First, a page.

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Microcontrollers are more and more common in motor control applications and are replacing Application-Specific Standard Products (ASSP) and ASICs. Since microcontrollers feature embedded peripherals, they provide more flexibility and offer a better cost solution compared to other solutions.
- Compressors and fans in refrigerators
- Fans in cooker hoods
- Drums and pumps in washing machines
Atmel® AVR® microcontrollers are well suited for Motor Control applications.
Features and Benefits
- Flash memory provides flexibility that enables developers to use the same microcontroller for multiple applications and to easily upgrade the program during the application's lifetime.
- Code compatibility allows to port existing development to other Atmel AVR microcontrollers according to new application requirements, for faster time-to-market.
- The extended family of Atmel 8-bit AVR microcontrollers lets developers choose a perfect fit for a given application, while keeping costs under control.
- Dedicated peripherals such as high-end PWM modules and ADC are ideal for motor control applications.
- Numerous application notes, reference designs and development kits are available to customers for a seamless design and easier development.
Three-phase BLDC: On these motors, the brushes and commutator have been eliminated compared to a brushed DC motor. The control electronics replace the function of the commutator and energize the proper windings to create rotation. Three-phase BLDC devices provide excellent performance characteristics, with or without position sensors, are inexpensive, and long-lasting.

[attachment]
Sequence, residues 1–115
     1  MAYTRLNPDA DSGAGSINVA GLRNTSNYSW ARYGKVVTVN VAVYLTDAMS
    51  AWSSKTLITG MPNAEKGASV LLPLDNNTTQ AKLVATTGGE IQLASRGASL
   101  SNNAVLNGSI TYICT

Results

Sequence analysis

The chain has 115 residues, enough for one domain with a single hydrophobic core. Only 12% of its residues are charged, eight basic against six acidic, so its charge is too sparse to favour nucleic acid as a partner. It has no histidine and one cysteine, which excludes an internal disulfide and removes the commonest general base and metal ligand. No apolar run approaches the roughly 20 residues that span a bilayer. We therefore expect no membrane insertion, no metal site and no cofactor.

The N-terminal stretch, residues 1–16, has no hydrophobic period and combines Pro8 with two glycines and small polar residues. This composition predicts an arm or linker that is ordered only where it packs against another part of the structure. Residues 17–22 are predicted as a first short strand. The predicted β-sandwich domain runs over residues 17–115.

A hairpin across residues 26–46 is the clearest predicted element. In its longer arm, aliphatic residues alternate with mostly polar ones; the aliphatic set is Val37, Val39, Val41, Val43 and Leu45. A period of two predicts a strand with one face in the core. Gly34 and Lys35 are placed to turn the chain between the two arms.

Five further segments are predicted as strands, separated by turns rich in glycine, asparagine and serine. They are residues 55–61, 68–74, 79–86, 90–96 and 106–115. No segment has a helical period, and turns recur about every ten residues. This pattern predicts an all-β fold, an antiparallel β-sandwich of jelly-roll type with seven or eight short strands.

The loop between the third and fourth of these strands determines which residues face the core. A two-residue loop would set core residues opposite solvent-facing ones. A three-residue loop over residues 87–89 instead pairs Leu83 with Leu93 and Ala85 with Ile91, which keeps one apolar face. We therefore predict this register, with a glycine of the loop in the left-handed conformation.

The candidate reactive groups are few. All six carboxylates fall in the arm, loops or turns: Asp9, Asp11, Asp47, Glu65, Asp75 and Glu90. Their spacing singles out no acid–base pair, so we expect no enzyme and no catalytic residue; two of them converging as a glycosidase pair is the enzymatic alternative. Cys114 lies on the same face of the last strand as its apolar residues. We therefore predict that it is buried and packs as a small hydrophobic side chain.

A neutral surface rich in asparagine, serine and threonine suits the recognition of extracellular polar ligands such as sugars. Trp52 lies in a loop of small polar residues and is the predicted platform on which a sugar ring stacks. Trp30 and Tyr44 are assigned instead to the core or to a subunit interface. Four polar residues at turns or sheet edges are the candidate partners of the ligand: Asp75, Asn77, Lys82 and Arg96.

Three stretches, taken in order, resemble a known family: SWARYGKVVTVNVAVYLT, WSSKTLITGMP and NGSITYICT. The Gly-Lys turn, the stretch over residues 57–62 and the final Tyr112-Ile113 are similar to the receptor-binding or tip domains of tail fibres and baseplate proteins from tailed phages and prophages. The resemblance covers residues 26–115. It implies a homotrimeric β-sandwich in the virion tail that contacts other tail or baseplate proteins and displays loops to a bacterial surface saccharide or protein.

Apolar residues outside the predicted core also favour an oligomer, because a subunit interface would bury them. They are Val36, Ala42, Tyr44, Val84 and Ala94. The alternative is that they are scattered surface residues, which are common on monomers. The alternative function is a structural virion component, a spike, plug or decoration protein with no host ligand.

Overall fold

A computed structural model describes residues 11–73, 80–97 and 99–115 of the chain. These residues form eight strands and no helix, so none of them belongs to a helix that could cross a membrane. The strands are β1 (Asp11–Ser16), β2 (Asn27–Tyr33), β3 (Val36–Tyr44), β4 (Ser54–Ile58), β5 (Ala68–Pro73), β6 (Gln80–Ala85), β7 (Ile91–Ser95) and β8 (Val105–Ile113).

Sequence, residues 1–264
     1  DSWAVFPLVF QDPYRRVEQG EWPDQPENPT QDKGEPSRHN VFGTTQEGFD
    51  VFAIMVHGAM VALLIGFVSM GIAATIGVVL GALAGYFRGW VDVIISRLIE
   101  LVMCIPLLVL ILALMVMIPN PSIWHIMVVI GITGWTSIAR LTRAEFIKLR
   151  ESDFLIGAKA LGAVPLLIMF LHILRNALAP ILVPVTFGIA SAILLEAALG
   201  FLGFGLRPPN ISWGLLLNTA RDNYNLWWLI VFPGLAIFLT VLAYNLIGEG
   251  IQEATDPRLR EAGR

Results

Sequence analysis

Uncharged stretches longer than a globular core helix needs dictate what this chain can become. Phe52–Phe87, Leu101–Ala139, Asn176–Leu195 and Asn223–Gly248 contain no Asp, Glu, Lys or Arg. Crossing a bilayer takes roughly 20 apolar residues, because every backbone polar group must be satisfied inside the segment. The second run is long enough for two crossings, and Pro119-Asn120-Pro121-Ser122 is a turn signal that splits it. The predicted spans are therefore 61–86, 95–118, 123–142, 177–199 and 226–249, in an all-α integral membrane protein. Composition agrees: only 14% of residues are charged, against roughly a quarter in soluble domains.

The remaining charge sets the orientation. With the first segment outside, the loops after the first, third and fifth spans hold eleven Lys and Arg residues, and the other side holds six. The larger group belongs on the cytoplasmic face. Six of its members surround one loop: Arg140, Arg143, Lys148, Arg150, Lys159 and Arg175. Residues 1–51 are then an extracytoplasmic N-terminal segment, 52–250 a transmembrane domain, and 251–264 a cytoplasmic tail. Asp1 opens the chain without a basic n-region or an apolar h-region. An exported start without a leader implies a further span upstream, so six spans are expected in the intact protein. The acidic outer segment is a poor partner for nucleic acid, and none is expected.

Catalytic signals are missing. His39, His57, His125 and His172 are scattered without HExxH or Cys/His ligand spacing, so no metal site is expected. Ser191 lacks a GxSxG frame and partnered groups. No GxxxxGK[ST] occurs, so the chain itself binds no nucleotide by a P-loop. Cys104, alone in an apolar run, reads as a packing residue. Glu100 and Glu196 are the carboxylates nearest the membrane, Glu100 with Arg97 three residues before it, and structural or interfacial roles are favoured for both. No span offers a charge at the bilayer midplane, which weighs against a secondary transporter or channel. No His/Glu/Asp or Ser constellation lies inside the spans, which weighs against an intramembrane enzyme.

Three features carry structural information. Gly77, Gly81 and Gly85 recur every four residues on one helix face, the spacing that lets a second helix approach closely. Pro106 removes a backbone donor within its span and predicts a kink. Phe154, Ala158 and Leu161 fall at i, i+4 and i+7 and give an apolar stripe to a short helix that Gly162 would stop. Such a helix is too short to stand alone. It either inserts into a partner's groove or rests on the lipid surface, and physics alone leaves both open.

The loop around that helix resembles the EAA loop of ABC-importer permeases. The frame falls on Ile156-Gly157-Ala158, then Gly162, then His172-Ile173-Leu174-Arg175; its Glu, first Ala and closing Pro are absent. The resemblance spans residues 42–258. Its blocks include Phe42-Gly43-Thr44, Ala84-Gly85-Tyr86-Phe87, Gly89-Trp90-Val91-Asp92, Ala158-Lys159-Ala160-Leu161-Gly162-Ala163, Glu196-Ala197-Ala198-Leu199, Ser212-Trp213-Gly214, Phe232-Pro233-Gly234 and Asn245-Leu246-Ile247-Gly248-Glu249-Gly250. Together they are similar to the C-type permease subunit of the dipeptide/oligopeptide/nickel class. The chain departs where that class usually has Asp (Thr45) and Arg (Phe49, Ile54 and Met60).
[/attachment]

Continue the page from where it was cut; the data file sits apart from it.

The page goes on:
Two-phase BLDC: These devices are preferred over brushed motors because they provide long life time, low level of electrical noise and low acoustic noise level. They commonly use hall-sensors.
Asynchronous AC: Traditional AC motors run directly from AC voltage at one speed only. Introducing motor control enables speed variation, which can reduce power consumption, acoustic noise and mechanical vibration.
Stepper Motor: A stepper motor will rotate in discrete steps when its coils are energized. Position and rotating directions are easily controlled without the need for a feedback system. Speed is controlled by the rate at which coils are energized. Depending on the control type, full steps, half steps or micro-steps can be achieved. Atmel AVR microcontrollers provide an ideal solution for stepper motors.
Sensor-based Three-phase BLDC
Sensor-based three-phase BLDCs are used when initial load is unknown or varies, or when high initial torque is required. The Atmel AVR microcontroller is an excellent fit for this application, supporting TWI, SPI, and UART communication.
Sensorless Three-phase BLDC
Sensorless three-phase BLDCs are typically used in fans. The Atmel AVR microcontroller provides superior support for this device, and supports over-current monitoring with ADC or analog comparator.
Sensor-based Two-Phase BLDC
The Atmel AVR microcontroller is excellent for this application, providing support for TWI/SMBus communication. Two hardware PWM channels control driving transistors, and speed is controlled by varying the PWM duty cycle.
Relevant Application Notes with covered motors and functionality
Learn more about the Atmel solution Application Notes, Devices, and Tools and Software